On 31/03/2012, in Anniversaries, by steve
Last week marked the 66th anniversary of the establishment of MALEV Hungarian Airlines. Although the national icon has not survived the hurdles of to-days airline world (it went bankrupt two months ago), her people gathered for what may be the last birthday party for the airline to lament the past and express hope for the future.
The party took place at the outdoor aviation museum near Budapest Ferihegy airport and one of the special treats was the coming to life, after more than 20 years of silence, of the left engine on one of the exhibits, an IL-14 in the original Malev livery.
These photos are from one of the organizations dedicated to keep the Malev dreams alive.
Have a look at the video made of this special event here.
On 29/03/2012, in Events, by steve
With its slogan ”Bridging CNS and ATM” giving ample guidance as to the theme of 2012’s Integrated Communications Navigation and Surveillance (ICNS) Conference, it will attract the best presenters and the best audience you can find in the industry. A wonderful opportunity to learn new things, network with your peers and ask all the questions you have about CNS, ATM as well as their interaction and future development directions.
Make sure you reserve your room before 30 March as rates will increase after that date.
To register, fill out the form here.
You will find the abstracts selected for ICNS 2012 here.
On 27/03/2012, in Airline corner, by steve
It is well known now that experts and enthusiasts alike started thinking about a new Hungarian airline almost the day after the sad collapse of the 66 years old icon, Malev. Not much has happened so far, obviously, investing in a new airline is not a high priority for anyone and investing in a new Hungarian airline, with the image of the current government anything but business friendly, is even more of a questionable proposition.
Of course it is not impossible to start a new airline, the Spanish have just done it with a low-fare company that will operate mainly out of Venice in Italy… New airline on the horizon, existing companies struggling… What are the chances for the Hungarians?
For starters, let me quote here the plea of Lufthansa Group member Brussels Airlines made recently to the Belgian government. Brussels Airlines claims that Ryanair has an unfair advantage since they are paying their social contributions according to the Irish rules… even while Ryanair is flying out of Charleroi which is of course on Belgian soil. The jury is still out on this but the situation shows clearly the kind of complications anyone wanting to start a profitable airline will have to face. Why should Ryanair pay the tower-high Belgian rates when they are only flying from here? If Brussels Airlines is unhappy about it, move the company to Ireland… As long as nobody goes against the European Union rules, it is competition, pure and simple.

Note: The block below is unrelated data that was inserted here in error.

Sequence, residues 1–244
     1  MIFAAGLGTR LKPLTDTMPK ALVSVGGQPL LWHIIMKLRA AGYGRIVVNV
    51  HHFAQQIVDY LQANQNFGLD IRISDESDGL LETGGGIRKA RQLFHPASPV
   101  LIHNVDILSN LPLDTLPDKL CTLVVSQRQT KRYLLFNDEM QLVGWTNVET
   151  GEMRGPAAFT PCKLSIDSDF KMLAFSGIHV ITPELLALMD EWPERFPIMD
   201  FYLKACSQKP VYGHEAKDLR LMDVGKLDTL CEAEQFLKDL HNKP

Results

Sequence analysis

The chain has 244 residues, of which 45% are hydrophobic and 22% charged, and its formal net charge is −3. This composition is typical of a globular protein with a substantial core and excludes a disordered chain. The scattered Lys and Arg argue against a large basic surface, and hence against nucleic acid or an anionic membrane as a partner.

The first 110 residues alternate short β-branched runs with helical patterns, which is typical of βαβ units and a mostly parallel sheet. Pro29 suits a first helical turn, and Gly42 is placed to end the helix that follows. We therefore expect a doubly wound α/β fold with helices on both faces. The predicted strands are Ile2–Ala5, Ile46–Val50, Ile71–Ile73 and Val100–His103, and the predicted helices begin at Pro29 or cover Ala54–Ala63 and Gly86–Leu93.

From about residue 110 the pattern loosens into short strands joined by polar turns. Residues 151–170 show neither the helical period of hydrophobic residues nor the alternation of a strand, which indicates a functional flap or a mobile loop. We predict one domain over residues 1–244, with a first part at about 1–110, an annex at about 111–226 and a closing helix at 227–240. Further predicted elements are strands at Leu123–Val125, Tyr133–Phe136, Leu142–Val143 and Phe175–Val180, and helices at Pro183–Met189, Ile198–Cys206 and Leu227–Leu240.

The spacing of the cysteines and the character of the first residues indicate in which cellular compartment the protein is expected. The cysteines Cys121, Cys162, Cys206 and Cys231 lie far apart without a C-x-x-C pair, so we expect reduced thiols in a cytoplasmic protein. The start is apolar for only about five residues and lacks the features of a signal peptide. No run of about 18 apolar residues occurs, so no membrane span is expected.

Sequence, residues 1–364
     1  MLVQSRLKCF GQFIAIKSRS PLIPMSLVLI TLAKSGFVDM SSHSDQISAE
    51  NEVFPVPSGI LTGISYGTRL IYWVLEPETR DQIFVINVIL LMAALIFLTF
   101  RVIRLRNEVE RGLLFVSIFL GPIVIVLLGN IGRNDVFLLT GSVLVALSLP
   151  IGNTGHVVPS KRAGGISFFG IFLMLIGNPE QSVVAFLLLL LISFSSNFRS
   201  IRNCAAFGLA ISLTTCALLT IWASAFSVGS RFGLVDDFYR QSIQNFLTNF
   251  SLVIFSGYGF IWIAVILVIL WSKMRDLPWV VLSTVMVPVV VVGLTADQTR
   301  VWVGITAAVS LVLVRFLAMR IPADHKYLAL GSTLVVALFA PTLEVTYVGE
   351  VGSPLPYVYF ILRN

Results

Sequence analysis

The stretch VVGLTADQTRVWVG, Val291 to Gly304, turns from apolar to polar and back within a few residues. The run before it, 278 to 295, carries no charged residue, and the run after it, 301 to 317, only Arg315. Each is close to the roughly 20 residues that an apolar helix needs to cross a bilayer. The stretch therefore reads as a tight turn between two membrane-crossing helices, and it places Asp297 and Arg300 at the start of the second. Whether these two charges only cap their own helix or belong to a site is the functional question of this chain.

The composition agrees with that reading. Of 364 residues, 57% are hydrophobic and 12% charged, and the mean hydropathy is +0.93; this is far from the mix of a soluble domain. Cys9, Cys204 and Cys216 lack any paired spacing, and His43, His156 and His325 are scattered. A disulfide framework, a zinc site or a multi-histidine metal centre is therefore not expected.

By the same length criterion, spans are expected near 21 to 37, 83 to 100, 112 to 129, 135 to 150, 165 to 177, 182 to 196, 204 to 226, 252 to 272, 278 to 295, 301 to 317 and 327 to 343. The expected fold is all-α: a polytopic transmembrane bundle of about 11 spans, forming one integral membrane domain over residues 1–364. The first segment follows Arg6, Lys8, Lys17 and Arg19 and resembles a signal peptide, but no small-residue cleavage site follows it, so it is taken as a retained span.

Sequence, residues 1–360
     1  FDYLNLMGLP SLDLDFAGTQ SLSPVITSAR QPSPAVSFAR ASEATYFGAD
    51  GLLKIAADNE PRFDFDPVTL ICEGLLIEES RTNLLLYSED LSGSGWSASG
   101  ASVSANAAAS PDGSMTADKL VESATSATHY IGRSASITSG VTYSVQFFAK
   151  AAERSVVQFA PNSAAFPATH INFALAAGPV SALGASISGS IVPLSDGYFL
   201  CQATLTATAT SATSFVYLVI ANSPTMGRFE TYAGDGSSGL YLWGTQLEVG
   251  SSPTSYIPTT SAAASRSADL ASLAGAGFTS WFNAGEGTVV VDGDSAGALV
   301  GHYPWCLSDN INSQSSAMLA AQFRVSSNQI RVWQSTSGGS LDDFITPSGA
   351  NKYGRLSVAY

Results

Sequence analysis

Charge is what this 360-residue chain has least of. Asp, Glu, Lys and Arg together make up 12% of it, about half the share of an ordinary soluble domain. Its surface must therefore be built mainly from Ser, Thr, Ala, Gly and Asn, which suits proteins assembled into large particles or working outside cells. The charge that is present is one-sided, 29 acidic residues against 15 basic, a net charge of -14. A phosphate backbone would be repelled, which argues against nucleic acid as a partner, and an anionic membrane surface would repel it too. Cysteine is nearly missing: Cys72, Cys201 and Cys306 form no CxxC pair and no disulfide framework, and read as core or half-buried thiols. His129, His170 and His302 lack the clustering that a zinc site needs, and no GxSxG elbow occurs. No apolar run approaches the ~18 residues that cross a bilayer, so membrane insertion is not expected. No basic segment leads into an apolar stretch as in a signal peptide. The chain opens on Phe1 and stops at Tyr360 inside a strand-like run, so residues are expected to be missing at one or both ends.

So, how does one start a new airline in this cut-throat environment and is it worthwhile to try in the first place?
Let’s discuss the second question first.
Having an airline in a given country has advantages way beyond the traditional considerations of tax revenue and traveling convenience. A giant like KLM had spawned aviation related training at Dutch universities, aviation research at the National Aerospace Laboratory and to some extent was the driver for Fokker, the now defunct aircraft builder. It is not an exaggeration to say that there was a whole national aviation culture anchored firmly in the needs of KLM. Even to-day, with KLM owned by Air France, some of the culture remains. Of course not all airlines are like KLM but even a much smaller company can potentially jump-start the aviation culture of a country like Hungary. This culture thing is far more important in the long run than any short term tax revenue! This has to be kept in mind when we consider the how and where of setting up a new airline.
All right, so having an airline is a good thing. But is it financially feasible and sustainable?
Personally I think it is a long shot but not impossible, assuming a number of questions are answered and a number of misconceptions are dispelled.
Government ownership in an airline, even if it is a minority one, is a bad thing. Why? We know that both governments and the airline industry work on a boom and bust cycle. Although airlines have learned to smooth their cycles somewhat, they are still subject to the influence of the economic cycles and there is little they can do about that. Governments come and go as dictated by the elections and their priorities are rarely aligned with those of the airline industry.
A good example is Air France which is still 17 % or so owned by the French government. AF is currently in desperate need to slim down and save money but the layoffs this requires are not politically acceptable while France is preparing for its presidential elections. Once that is over, AF will be free to act. In the meantime, Air France-KLM is bleeding red ink.
On 26/03/2012, in Bookshelf, by steve
All right, I will be the first to admit that creating cost-benefit analyses is not my favorite occupation on sunny afternoons. On the other hand, my company had been the lead for numerous projects aimed at developing the CBA for things like Collaborative Decision Making, among others. As such, I know the value of standard inputs that save you a lot of work by not having to search for the appropriate values which, after all, are the same in most ATM related activities.
EUROCONTROL has published, and keeps regularly updated, a cute collection of such standard inputs available in the form of a downloadable pdf file.